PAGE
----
By Clyde Hughes | AC JosepH Media
ATLANTIC CITY â€“ Government and community leaders and faith leaders at City Hall Tuesday for a memorial and vigil recognizing the death of George Floyd.
Floyd died a year ago in Minneapolis while in custody publicly of the police department there. Former officer Derek Chauvin, who was recorded with his knee on Floyd’s neck for more than nine minutes while he cried out for his life, was convicted in April for second and third-degree murder in the incident.
The video of Floyd’s death went viral around the world, sparking police brutality and racial social justice rallies and marches in all corners of the United States and the country.
Kaleem Shabazz, vice president of the city council for the City of Atlantic City, organized the vigil. Mayor Marty Small Sr. and Atlantic County Prosecutor Damon Tyner spoke at the event along with Rabbi Jonathan Kremer and Cantor Jacqueline Menaker of Shirat Hayam in Ventor, and Rev. Stafford Miller, of Asbury United Methodist Church.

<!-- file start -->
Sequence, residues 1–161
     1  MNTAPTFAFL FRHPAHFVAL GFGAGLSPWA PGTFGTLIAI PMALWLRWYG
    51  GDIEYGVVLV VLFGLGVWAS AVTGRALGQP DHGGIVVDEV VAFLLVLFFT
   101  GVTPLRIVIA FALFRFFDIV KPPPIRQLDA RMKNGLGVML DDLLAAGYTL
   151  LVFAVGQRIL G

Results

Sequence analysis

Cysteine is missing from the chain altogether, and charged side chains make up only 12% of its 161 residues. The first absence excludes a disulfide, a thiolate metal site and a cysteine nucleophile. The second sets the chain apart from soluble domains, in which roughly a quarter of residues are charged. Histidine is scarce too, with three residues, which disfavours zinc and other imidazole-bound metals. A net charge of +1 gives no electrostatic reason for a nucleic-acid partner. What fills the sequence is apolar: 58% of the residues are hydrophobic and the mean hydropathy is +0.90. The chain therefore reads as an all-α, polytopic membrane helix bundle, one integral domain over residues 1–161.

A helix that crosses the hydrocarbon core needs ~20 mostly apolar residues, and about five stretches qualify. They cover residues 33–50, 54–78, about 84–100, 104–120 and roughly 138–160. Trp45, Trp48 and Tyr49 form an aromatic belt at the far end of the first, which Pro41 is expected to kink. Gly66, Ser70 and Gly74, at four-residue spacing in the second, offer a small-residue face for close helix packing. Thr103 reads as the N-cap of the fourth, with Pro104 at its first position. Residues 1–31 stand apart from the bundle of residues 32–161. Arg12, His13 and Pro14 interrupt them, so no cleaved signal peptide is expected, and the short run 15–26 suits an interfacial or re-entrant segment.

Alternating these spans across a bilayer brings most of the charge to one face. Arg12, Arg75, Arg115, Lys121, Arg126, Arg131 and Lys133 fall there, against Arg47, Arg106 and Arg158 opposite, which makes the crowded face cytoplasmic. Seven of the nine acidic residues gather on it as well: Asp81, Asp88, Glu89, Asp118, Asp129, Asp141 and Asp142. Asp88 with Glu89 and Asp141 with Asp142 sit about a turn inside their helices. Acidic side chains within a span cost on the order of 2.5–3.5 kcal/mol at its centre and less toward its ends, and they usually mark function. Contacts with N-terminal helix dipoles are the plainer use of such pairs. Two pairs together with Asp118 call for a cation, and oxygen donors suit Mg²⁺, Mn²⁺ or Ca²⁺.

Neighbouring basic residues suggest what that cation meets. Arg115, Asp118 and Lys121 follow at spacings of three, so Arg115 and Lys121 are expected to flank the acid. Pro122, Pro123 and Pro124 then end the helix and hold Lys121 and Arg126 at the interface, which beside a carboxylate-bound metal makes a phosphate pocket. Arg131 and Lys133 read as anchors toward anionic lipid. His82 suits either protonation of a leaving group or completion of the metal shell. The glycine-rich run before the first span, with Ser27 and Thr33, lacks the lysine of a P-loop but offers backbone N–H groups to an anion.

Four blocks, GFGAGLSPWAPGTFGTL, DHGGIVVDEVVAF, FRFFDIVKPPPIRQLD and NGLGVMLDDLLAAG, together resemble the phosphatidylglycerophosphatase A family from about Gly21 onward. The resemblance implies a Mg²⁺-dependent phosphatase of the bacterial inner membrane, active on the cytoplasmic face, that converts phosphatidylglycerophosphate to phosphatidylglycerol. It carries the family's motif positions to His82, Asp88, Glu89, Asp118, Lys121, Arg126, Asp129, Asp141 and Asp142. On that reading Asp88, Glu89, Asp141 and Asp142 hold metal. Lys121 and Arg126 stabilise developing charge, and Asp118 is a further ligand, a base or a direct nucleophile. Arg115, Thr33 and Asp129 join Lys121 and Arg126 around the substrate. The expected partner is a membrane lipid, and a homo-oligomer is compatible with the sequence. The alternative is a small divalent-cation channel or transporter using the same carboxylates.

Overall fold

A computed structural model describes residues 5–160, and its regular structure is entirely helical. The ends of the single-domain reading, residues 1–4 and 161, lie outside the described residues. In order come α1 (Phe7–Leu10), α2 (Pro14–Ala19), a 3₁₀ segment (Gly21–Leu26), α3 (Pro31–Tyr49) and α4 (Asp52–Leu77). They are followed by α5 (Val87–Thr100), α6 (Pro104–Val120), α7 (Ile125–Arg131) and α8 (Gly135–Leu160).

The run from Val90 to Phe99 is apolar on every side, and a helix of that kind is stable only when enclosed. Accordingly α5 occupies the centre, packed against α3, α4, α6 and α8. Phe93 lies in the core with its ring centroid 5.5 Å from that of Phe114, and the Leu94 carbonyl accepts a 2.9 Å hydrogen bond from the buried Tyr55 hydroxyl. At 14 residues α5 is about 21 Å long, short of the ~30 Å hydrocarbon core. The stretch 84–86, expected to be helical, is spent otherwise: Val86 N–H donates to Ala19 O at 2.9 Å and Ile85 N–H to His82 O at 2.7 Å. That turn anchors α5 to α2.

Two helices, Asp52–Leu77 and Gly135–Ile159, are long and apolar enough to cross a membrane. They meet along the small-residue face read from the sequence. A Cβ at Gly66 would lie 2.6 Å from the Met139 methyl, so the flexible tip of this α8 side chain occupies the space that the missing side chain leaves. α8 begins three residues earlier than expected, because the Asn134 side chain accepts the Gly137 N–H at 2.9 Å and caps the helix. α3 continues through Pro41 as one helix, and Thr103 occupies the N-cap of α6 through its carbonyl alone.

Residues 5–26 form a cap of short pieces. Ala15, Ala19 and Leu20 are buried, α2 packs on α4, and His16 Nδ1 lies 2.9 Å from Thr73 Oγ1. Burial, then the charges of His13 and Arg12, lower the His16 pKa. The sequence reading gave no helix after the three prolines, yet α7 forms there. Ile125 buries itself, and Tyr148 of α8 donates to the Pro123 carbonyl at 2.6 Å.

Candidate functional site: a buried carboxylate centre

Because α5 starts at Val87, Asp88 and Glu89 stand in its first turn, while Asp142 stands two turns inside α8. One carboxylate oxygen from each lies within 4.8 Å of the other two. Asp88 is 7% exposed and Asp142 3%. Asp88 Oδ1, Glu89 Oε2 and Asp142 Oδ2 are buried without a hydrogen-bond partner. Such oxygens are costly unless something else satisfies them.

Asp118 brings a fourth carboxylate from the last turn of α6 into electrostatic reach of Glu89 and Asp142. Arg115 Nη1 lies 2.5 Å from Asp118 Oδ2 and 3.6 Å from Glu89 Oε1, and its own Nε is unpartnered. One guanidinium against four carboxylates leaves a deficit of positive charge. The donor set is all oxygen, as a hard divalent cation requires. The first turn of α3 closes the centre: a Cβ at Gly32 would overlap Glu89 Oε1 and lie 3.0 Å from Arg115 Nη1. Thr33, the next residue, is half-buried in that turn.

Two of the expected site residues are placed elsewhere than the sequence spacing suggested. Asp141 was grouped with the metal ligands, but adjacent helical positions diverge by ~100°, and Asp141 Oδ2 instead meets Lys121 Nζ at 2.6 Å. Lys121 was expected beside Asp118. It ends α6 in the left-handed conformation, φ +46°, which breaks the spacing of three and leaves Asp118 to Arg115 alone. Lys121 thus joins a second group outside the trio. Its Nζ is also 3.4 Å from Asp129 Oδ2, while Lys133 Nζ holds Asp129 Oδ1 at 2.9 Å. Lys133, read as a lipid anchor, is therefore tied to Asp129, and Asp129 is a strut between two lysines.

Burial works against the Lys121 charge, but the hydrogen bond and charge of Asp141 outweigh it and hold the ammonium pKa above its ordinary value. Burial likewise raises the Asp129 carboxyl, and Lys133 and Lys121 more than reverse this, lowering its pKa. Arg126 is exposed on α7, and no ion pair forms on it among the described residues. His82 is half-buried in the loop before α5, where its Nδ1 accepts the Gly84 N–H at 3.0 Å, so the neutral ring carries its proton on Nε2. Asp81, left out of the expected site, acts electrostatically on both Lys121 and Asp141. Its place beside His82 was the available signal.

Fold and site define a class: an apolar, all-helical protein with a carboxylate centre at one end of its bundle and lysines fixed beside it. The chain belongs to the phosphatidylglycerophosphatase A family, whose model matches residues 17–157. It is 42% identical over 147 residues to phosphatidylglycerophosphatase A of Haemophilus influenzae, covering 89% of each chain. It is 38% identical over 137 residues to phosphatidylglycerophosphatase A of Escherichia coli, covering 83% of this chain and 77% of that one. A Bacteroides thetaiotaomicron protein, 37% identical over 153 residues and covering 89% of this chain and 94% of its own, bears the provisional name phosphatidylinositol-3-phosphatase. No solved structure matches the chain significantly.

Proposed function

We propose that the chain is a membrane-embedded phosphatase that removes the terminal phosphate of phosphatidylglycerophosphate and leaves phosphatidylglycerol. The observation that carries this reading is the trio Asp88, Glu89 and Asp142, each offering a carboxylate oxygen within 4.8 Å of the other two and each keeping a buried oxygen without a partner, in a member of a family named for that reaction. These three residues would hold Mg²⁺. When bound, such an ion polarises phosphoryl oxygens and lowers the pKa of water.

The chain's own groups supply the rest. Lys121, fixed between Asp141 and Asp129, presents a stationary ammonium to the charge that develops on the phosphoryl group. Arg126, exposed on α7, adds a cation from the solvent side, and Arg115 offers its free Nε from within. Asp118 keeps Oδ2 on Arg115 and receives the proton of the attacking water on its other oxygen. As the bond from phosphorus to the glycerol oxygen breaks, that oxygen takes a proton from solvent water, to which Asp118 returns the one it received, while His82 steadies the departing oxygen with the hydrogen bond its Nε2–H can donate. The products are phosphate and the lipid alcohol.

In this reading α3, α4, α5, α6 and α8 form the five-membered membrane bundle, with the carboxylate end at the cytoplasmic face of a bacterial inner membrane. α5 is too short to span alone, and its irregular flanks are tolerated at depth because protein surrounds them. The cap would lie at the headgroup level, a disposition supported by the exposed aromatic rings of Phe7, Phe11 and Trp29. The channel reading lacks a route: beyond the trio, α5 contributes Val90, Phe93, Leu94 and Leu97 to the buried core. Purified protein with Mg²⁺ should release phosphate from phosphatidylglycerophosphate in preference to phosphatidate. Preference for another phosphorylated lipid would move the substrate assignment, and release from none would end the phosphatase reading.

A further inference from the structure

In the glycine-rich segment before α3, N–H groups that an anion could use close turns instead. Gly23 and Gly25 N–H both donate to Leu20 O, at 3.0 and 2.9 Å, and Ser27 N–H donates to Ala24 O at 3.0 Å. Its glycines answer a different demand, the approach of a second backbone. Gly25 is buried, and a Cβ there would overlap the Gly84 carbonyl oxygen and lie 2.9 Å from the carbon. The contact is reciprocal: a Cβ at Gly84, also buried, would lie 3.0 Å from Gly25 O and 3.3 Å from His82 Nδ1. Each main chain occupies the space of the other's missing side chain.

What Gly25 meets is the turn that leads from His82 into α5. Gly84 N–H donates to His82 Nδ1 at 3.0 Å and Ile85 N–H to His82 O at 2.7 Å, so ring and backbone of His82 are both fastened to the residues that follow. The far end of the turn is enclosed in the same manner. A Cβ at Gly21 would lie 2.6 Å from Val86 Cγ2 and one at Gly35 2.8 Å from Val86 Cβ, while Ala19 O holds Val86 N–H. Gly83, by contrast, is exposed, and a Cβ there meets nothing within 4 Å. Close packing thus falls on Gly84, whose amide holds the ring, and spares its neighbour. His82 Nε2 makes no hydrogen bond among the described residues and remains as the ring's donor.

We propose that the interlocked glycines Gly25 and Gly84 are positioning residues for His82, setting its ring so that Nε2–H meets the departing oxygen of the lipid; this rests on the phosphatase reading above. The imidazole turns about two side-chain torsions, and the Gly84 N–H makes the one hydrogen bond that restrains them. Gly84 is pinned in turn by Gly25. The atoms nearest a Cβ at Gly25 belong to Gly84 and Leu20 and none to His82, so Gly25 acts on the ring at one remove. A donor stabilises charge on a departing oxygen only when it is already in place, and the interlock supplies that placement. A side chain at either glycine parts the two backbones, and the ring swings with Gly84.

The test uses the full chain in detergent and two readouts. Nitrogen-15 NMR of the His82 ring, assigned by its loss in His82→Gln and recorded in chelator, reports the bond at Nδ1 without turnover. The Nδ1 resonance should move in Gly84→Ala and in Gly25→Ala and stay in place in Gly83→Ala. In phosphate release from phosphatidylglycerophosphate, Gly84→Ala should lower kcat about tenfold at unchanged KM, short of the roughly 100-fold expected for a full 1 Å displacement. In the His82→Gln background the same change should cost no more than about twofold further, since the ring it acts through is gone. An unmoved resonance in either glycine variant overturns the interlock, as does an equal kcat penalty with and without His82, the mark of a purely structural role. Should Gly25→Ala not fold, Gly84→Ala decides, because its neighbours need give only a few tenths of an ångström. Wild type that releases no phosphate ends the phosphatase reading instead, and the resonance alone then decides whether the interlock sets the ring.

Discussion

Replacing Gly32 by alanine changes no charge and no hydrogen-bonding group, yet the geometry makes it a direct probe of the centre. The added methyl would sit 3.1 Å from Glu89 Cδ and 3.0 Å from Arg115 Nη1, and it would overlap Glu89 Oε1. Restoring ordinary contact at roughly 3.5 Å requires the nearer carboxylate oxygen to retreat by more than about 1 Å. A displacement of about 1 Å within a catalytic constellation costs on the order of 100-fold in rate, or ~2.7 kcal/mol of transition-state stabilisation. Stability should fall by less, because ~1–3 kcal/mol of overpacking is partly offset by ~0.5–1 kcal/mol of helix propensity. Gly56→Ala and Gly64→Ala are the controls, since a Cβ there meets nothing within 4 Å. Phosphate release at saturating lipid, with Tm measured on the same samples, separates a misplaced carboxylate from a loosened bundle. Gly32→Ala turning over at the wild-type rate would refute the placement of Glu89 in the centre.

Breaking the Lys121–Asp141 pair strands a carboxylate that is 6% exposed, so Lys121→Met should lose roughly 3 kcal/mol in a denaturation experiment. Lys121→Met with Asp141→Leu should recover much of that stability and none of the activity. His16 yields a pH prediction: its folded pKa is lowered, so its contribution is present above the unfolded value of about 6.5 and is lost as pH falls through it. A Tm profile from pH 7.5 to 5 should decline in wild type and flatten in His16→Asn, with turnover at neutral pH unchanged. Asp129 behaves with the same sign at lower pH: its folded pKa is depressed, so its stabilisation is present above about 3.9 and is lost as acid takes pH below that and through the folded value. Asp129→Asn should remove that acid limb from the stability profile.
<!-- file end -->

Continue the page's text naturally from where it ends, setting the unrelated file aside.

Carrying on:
“May 25th marks one year since George Floyd was brutally and wantonly murdered before the world,”Â Shabazz said. “His death caused a world-wide reaction of outrage, horror and cries for change.
“After the commentaries move on to another subject, after the TV specials are over, after the tributes are taken up we must persist. We must resolve to fight on for justice, for change for equity, respect and dignity at the hands of those we pay to protect and serve. The #NAACP is committed to the position that George Floyd did not die in vain,” Shabazz concluded.
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